40 Is the New 40

I did something really dumb the other night. I told my husband that I was going in for a glycolic peel this week. “Oh…OK?” he said, as his face involuntarily twisted into a look of complete puzzlement. And it wasn’t about the cost, though I doubt he’d be dancing on the ceiling if he heard how much a glycolic peel goes for. It’s a very real, tangible acknowledgment of aging. I’m no longer his young wife.

When we lived L.A., it seemed like everyone was getting treatments like facials and chemical peels. At the time, I sneered at all that attention to the face, writing it off as a waste of time and money. It was an “L.A. thing.” I had nothing to prove and besides, wouldn’t spending that money on a nice dinner or a pair of shoes prove far more satisfying than getting a really expensive face wash? Ironically, now that we reside in glamorous Philadelphia, I have discovered these treatments for myself. If fact, they may be my new obsession. The only difference is now I’m in my 40s.

It’s easy to be judgy when your skin is still relatively unwrinkled and smooth. Sun damage hasn’t quite risen to the surface. Your face hasn’t begun to submit to gravity, which always makes me think of my 20-something, offhand, bratty remark about Heather Locklear when she made one of many triumphant comebacks joining the cast of Melrose Place in the 90s. “Her face is falling,” I announced to my roommates as we sat in front of the TV. I still cringe when I think about it. It’s a thoughtless, ignorant, woman-hating throwaway line aimed at a person who is so far in the stratosphere of attractiveness, that it wouldn’t have even made any sort of minuscule dent on her beautiful, and probably bulletproof, veneer. But I was sporting 22-year-old skin.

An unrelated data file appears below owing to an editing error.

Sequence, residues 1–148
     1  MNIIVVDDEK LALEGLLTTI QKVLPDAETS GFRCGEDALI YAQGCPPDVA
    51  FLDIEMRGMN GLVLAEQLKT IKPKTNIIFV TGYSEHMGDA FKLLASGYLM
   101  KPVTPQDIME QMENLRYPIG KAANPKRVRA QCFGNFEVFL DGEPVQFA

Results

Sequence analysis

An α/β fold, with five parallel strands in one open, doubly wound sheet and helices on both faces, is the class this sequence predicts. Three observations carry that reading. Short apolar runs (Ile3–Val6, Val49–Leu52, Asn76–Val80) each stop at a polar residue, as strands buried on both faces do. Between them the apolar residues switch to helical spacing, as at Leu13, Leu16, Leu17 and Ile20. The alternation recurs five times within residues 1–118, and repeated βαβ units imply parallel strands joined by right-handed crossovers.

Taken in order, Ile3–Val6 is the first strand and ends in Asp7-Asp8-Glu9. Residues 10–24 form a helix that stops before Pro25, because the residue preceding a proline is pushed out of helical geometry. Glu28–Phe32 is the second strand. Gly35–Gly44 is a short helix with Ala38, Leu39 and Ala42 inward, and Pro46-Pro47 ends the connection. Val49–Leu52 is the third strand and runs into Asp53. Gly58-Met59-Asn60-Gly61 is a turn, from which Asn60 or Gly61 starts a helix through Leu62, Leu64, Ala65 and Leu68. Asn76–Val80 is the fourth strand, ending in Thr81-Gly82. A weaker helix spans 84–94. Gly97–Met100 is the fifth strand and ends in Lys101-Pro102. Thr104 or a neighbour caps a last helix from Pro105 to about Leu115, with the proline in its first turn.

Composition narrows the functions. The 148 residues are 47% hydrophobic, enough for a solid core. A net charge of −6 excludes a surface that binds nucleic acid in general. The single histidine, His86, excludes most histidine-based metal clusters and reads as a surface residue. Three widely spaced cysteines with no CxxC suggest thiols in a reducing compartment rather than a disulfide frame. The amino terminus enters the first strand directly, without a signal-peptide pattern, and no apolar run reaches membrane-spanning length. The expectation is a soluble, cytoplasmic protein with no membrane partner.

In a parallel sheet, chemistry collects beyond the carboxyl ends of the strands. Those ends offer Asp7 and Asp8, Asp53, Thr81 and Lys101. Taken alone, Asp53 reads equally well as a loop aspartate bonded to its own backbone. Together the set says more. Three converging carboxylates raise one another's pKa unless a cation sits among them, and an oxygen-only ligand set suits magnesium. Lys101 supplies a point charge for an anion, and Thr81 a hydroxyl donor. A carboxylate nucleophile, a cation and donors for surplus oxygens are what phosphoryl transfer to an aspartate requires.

No longer. And I can’t even say I’m obsessing over these peels, facials, and expensive creams to improve my skin. No. I’m trying to hang onto what I’ve got for as long as possible. In fact, it takes effort to just hang in there. Now that my own face is falling, I understand why people pump their faces with Botox and fillers. Is it better to have a face that doesn’t move than a wrinkly one? I don’t know, but I can tell you, I’m not so judgy anymore. Plastic surgery? Face lift? I don’t think I want to go that far just yet. But hey, I get it. For the time being, I’ll stick to my regimen, but who knows how long these tricks are going to work.

Leave a Reply

Your email address will not be published. Required fields are marked *